• Tom Kelly

13. Frequency Response, Perceived Loudness, and the Fletcher Munson Curve. The Science of Sound 201

When it comes to audio and creating a good sound, everyone will tell you "just trust your ears". It's a blanket statement that really means "spend the next 30 years figuring this out, because this rabbit hole is deeper than you could possibly imagine". This becomes exponentially more difficult when we realize our audio is lying to us, ALWAYS!

Building on what we know about frequency from last week, we're now exploring all the things that impact how we perceive these frequencies in every day life. From the shape of our ear and how it perceives loudness along the frequency spectrum, to the way our microphone capture sound, the way our speakers translate that sound at different decibel levels, and how our room colors the sound. We can never be sure that what we're hearing is actually real! It's a huge problem, one that takes a long, long time to understand, then diagnose, and properly handle.


Let's look at some of the things that impact your sound...

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The Fletcher Munson Curve

The first thing we need to understand is that our ear hears different frequencies at different volumes. The graph above may be difficult to wrap your hear around instantly, but each red line shows the output required for each frequency to perceived as equally loud. For example, for a 100Hz tone to be perceived equally as loud as a 1kHz tone being played at 60dB, you will need to play back 100Hz at ~72dB for both tone to be as loud to your ear. This shows that our ears are very insensitive to very high and very low frequencies, and EXTREMELY sensitive to frequencies between 4-6kHz. The other important thing to notice is that the louder we listen to all the tones, the flatter the curves get.

Microphone Frequency Response

Every microphone will capture a source differently and represent the frequency spectrum uniquely. As I've mentioned in countless podcasts and videos, you must properly pair your unique voice to the unique frequency response of a microphone. Each person's voice is unique, and the frequencies represented in their voices are unique. For example, I have an over abundance of 7-8kHz in my voice, so I was careful to choose a microphone that doesn't add any more of that frequency to the signal. In fact, I went with the Shure SM7b because it has a dip in that range!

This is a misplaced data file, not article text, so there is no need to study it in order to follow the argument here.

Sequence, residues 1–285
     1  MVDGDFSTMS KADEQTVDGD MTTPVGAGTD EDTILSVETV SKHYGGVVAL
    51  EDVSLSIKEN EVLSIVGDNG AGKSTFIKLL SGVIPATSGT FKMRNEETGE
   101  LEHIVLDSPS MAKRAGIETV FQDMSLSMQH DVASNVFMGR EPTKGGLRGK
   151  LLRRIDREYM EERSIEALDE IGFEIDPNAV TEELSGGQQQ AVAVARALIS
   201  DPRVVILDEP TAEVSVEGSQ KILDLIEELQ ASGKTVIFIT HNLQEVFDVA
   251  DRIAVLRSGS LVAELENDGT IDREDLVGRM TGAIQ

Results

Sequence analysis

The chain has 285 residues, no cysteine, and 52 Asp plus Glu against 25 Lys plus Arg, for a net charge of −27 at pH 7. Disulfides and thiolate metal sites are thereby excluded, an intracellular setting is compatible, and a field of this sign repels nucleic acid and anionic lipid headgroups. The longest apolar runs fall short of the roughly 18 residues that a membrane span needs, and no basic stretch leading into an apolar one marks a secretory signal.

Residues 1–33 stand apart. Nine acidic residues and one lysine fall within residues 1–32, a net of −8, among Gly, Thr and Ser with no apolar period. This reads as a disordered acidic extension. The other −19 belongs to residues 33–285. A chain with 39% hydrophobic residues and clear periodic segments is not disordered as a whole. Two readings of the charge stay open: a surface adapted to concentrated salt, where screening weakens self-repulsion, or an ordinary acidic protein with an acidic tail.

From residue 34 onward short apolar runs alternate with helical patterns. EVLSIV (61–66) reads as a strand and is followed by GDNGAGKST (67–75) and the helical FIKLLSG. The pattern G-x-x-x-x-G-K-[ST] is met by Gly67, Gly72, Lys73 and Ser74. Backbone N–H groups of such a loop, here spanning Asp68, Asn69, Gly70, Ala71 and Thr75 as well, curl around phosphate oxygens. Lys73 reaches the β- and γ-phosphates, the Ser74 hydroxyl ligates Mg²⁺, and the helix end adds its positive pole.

In the episode, I demo'ed 5 cardioid dynamic microphones that range from $100-$400. My voice sounds insanely different on each microphone, displaying the special pairing of the frequencies in your voice to the frequency response of your microphone.

Monitor/Headphone Frequency Response

In the same way that microphones have unique sonic characteristics, every pair of earbuds, headphones, and studio monitors has a unique frequency response curve. There's a lot to say about mixing on headphones v. monitors, but that's an episode and article for a different time. The main point that's made in the episode is the difference between consumer and reference devices.

"Modern" output devices like Beats, Bose, or JBL headphones and speakers tend to accentuate the low end and high end of the frequency spectrum. While we might like the bump the music in our car at nauseating levels that cause our chest to ache, this isn't the sound we want when we're mixing or processing out audio. It gives us an "untrue" idea about what our audio actually sounds like. If our speakers add a ton of bass, we can improperly EQ our signal to remove a lot of the muddiness that comes with "enhanced low end response". What then happens is when a listener is using an output device without the enhanced bass response, there's suddenly a massive lack of low end and depth.